HONG KONG • A controversial new proposal to take Hong Kong's beloved trams off the streets has sparked a wave of anger from residents who fear losing track of the city's past.
Known as "ding-dings" for the sound of their bells, trams have served the northern coastline of the city's main island for more than 110 years and still carry around 200,000 passengers a day.
As development changes the face of the city, sweeping away many of its historic landmarks, trams have survived in the face of growing competition from buses and the modern Mass Transit Railway (MTR) metro system.
But a recent proposal to scrap part of the network has renewed fears that this unique piece of heritage is also under threat.
Thousands signed petitions against the suggestion that the tram service should be removed from the main financial district known as Central.
The proposal was put forward to the government's official town planning body by consultant Sit Kwok Keung, a former planner, who argues that it is too slow, blocks traffic and is unnecessary as the MTR expands.
The retired civil servant said putting the idea forward for debate is his "right and responsibility".
"The tramway takes up a significant portion of the road. Its efficiency is rather low... I am trying to make Hong Kong transportation more efficient," he said.
The planning body will discuss the proposal next month, but the Hong Kong government has sought to reassure the travelling public by saying it had no plans to remove the trams. But unease remains.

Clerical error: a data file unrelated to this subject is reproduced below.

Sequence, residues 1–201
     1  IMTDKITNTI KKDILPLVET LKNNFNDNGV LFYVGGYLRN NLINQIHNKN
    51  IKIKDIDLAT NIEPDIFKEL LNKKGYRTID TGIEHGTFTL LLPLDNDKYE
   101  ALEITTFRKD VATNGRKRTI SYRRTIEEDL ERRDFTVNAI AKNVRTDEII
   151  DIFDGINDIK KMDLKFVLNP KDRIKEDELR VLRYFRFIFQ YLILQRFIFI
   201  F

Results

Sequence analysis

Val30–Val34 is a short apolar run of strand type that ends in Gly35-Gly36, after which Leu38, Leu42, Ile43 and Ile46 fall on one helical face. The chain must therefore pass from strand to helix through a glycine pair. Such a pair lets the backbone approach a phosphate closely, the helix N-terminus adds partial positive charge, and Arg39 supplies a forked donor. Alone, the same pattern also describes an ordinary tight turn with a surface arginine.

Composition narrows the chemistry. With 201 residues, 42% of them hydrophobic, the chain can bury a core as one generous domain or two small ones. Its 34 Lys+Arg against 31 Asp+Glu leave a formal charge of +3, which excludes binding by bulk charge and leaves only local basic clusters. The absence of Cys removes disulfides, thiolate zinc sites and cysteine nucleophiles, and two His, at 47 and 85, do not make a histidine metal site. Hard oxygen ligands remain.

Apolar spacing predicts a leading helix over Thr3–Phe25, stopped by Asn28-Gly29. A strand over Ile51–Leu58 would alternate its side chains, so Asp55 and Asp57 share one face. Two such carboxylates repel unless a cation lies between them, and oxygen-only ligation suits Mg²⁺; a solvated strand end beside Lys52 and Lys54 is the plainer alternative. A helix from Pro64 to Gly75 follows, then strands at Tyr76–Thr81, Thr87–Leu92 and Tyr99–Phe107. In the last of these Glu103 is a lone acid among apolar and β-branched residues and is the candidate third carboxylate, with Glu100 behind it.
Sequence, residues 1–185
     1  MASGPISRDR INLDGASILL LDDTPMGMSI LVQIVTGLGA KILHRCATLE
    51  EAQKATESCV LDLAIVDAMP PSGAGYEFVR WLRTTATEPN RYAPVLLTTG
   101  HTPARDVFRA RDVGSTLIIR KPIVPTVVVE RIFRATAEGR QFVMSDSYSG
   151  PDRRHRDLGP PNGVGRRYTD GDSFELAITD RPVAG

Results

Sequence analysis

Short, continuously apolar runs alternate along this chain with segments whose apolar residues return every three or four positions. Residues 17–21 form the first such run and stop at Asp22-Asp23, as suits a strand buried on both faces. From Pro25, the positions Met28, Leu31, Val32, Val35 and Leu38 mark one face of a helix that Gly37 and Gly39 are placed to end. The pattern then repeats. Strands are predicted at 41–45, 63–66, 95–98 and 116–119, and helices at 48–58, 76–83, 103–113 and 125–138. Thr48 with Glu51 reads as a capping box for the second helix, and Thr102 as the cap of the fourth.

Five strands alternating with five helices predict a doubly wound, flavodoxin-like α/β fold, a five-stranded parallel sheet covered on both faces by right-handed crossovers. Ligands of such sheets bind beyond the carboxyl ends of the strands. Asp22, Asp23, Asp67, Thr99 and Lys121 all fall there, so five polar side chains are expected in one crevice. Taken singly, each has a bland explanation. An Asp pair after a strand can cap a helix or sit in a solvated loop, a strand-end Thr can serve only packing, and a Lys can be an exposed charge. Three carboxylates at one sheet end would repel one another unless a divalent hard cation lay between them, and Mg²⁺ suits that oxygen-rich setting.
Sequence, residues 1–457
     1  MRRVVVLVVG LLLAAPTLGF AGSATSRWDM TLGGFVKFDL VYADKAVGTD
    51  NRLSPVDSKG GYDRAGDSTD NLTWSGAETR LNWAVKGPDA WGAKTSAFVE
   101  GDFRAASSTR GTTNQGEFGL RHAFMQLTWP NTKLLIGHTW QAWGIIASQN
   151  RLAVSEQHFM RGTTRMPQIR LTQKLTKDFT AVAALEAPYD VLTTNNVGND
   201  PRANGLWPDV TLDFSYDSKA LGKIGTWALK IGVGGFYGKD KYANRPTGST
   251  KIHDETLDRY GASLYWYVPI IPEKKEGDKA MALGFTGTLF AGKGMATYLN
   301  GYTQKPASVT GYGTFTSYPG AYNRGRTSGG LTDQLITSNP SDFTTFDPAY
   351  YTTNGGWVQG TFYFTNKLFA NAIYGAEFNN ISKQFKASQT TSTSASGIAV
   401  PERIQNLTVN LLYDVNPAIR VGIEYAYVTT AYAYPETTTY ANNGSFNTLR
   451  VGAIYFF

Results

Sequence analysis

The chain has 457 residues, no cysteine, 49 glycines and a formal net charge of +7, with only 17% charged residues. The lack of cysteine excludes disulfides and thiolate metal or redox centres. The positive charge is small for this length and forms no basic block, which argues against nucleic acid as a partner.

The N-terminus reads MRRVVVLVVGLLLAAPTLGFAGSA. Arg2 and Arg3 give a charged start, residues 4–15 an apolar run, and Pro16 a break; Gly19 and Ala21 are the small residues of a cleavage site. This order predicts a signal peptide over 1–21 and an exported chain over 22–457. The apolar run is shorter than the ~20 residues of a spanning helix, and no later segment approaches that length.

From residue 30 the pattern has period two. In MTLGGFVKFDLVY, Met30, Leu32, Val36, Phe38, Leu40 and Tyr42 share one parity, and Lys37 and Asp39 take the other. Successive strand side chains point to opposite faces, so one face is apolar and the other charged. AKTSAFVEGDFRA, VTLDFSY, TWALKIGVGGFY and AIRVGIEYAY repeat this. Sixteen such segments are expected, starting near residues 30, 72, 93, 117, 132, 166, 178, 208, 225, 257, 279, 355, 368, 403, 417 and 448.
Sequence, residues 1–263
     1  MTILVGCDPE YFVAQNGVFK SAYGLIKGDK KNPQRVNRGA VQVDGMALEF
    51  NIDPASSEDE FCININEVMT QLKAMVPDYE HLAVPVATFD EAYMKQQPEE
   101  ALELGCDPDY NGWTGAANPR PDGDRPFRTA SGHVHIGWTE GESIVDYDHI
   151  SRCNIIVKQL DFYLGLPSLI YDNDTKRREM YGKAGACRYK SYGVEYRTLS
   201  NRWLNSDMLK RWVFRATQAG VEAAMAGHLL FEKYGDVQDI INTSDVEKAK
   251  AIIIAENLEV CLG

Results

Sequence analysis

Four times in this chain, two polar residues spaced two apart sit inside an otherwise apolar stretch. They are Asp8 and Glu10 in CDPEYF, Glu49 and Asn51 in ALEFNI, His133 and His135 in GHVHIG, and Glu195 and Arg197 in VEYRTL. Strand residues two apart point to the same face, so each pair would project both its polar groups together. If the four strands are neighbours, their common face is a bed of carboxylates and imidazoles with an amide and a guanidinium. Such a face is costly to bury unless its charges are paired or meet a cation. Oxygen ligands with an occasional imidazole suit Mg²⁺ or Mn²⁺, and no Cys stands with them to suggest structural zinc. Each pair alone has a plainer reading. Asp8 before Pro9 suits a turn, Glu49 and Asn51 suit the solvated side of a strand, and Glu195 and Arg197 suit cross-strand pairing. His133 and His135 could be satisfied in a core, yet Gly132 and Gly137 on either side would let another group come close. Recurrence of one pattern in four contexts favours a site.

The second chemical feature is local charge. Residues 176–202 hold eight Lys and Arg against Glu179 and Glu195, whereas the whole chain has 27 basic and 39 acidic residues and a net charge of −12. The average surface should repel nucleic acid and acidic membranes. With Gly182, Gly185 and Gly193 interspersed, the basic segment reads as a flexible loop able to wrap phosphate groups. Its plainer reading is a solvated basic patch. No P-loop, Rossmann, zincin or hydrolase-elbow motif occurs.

"Public sentiment is strongly against this idea," said activist Kwong Sum Yin, who is leading the "Save The Trams" campaign. "Trams are forward-looking as a form of zero-emission transport when the world is talking about sustainability."
Ms Kwong's group, the Clean Air Network, is instead proposing a car-free zone in Central to ease congestion and make way for more trams to run. "We are losing our history. That's why Hong Kong people don't want to see one more thing to go," she said.
Protests triggered by Mr Sit's proposal have even included a "Man v Tram" race to counter his claim that trams are slow. About 40 people took on an in-service tram over 9km, but even accounting for the tram's numerous stops, only a handful of competitors outran it.
One green group has galvanised about 3,000 people to write to the town planning board to object to the proposal.
Electrician Lau Chap Tong, 56, said: "It has a long history and it has got nostalgic elements. It will have a special meaning to future generations. We should not get rid of it."
With 163 cars, Hong Kong's tram network is the world's largest fleet of double-deck tramcars that is still in operation, charging a flat rate of just HK$2.30 (42 Singapore cents) for adults to ride the 120-stop system.
Hong Kong Tramways managing director Emmanuel Vivant said the network is a "key part of what makes Hong Kong a great city" and argues that trams are not to blame for traffic congestion.
"Everyone knows the reason for the jams is the 50 per cent increase in the number of vehicles over the past 10 years," he said.
Many residents of the city of seven million are increasingly focused on preserving its past, as economic development takes a toll on Hong Kong's transport heritage.
Protests were sparked in 2007 when the government removed the Queen's Pier for a bypass. The ferry pier was a traditional landing point for visiting dignitaries, including Queen Elizabeth II and Princess Diana during the British colonial era. There was also criticism when operators modernised tramcars in 2010.
But despite public support for the tram system, Mr Sit says it is time for a review. "Efficiency is the most important (thing) to every person," he said.
He added that if his proposal for Central district goes through, he would advocate the complete removal of trams throughout the city.
"Why should some outdated transport mode remain here?" he asked.